Henry calls for Mary. She’s quite dazed and confused. He’s got a stiff drink. He’s worried about the state of their relationship. Charlie’s death has made him realize that he must seize the day! (Read: Seize the Mary!) But the day has also made Mary realize that she can’t stand to be with Henry, worrying he’ll die in a car crash every other day!
Tom is bummed because he ships it so hard.
The struggle is REAL for Carson; he is destroying the entire house trying to cook, and Mrs. Hughes-Carson is lovin’ every damn minute of it. And when he presents the sorry supper?
Well, instead of poking fun, Mrs. Hughes-Carson reacts kindly, finding something nice to say even about his lame apple crumble—oh! But Carson’s fallen asleep at the table! What an oaf.
And he still has to do the dishes.
MEANWHILE IN LONDON, BERTIE CASUALLY PROPOSES TO EDITH!
He asks if she’s offended, and she’s like, um, no? Why would I be offended?
(Is it just me, or does this sound *exactly* like the dialogue exchange in the last proposal we had: Carson & Hughes? Don’t believe me just listen. )
Rather, is Bertie offended that Edith wants to bring Marigold? You know, the ward that she’s ever-so fond of? He’s like: “ … Okay, it’s a little weird, but … sure. If it makes you happy.”
Oh Bertie, you sweet, sweet cinnamon roll.
And at Mrs. Patmore’s Hothouse & Patisserie, she’s serving breakfast for her first guests, which seems to go swimmingly, but when she heads off to the house … there’s a mysterious man in the bushes! Paparazzi? A hitman? Intrigue abounds!
Isobel has come to meet the Crawleys upon their return to Downton to let them know Violet has flown the coop! She needs … less Cora in her life.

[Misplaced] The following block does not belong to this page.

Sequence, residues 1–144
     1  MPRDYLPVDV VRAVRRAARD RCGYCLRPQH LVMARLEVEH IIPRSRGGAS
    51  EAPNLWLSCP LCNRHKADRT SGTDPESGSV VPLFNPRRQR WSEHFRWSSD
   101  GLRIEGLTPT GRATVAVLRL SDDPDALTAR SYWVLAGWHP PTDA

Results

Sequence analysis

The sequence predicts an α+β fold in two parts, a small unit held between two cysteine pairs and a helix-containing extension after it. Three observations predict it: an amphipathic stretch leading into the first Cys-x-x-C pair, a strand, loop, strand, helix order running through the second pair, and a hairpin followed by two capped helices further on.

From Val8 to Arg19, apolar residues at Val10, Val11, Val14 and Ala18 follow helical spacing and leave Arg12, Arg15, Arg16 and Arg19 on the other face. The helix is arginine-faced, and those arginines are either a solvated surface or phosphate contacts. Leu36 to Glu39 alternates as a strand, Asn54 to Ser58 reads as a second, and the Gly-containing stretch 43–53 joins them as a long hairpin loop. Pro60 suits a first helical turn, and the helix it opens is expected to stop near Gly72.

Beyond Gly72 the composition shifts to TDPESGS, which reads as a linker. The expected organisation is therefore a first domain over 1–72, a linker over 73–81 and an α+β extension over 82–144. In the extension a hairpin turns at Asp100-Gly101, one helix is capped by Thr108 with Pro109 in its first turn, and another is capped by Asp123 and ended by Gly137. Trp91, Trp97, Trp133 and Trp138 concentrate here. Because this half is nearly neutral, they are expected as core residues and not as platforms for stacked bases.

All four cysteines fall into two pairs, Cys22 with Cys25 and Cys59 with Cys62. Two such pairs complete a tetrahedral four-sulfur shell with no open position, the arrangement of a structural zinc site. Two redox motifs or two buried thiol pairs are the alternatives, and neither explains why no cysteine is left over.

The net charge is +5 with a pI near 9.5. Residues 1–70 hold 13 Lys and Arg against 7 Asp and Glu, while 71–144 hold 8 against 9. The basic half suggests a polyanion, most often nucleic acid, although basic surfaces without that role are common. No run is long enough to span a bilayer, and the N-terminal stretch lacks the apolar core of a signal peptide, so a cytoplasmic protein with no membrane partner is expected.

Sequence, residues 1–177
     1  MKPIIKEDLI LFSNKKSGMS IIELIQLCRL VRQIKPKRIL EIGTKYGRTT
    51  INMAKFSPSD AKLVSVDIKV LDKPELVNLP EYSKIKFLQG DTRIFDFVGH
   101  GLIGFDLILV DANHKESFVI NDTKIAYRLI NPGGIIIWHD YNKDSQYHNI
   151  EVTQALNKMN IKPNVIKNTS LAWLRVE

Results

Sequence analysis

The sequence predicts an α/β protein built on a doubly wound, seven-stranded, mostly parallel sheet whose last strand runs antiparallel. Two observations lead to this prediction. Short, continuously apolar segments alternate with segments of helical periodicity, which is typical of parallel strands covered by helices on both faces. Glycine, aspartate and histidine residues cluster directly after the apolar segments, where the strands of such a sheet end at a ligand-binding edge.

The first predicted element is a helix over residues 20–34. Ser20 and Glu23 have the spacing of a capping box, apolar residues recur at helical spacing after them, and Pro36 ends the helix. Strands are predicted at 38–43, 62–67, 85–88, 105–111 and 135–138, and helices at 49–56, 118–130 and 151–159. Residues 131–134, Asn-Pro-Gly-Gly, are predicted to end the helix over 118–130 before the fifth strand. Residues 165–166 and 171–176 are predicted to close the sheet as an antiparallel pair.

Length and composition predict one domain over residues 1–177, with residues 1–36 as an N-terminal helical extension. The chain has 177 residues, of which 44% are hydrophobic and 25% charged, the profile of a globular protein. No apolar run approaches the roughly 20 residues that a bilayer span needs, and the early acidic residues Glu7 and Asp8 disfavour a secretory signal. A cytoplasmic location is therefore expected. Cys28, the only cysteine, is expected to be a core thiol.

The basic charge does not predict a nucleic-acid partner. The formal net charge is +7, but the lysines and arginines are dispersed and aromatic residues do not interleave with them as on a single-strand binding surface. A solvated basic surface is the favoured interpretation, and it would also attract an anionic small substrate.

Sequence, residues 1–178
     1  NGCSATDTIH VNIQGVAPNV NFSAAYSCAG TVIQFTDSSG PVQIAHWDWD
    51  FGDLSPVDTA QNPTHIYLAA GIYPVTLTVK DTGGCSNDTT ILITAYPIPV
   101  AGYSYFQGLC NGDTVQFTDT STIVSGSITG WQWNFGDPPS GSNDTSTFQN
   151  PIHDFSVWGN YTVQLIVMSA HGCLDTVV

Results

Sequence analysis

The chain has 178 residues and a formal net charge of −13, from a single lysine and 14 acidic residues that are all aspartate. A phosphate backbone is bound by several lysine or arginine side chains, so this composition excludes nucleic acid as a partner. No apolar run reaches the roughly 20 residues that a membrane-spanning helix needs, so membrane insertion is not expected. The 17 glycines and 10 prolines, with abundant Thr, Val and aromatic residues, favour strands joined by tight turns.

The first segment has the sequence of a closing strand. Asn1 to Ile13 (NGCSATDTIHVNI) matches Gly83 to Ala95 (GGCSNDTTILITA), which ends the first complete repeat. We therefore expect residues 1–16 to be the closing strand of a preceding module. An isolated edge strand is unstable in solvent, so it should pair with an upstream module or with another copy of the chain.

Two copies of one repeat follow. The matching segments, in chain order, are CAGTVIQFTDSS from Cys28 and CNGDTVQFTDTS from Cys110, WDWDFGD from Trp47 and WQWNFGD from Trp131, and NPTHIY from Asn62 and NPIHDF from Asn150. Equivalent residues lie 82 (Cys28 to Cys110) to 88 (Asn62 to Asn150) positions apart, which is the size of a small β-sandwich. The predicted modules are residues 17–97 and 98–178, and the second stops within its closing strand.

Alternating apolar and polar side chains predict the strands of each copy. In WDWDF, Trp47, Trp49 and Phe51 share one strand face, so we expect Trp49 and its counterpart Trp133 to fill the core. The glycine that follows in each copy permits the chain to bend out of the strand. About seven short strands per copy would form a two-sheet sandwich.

But Spratt’s downstairs, and he’s brought Robert a present. Violet sends it with love. TO HIM. NOT CORA.
It’s … a damn puppy. Robert is literally all of us whenever we see a dog.
At last, a little something sweet: Carson catches Mrs. Hughes and Mrs. Patmore giggling as she un-bandages her miraculously healed hand and asks what’s so funny.
“Just life, Mr. Carson,” Mrs. Hughes beams. “Just life.”
Minor but possibly relevant plot points:
- Denker makes a point to rub her trip with Violet to the south of France in Spratt’s face. He’s bitter. Probably all the stamps he’s been licking. Is he always licking stamps in these scenes?
- Baxter still can’t decide if she ought to go see Coyle or not. Maybe seeing him would be closure. Who ever gets closure on this show?
- Anna’s still pregnant—yay! And she’s got two episodes to have this baby.
Abby Norman is an author and journalist in New England. Her work has been featured on Medium, The Huffington Post, and Alternet and recommended byTime Magazine and NPR. Her first book, FLARE, a chronicle of chronic illness, is forthcoming from Nation Books/Perseus. She is represented by Tisse Takagi. Follow her on Twitter @notabbynormal.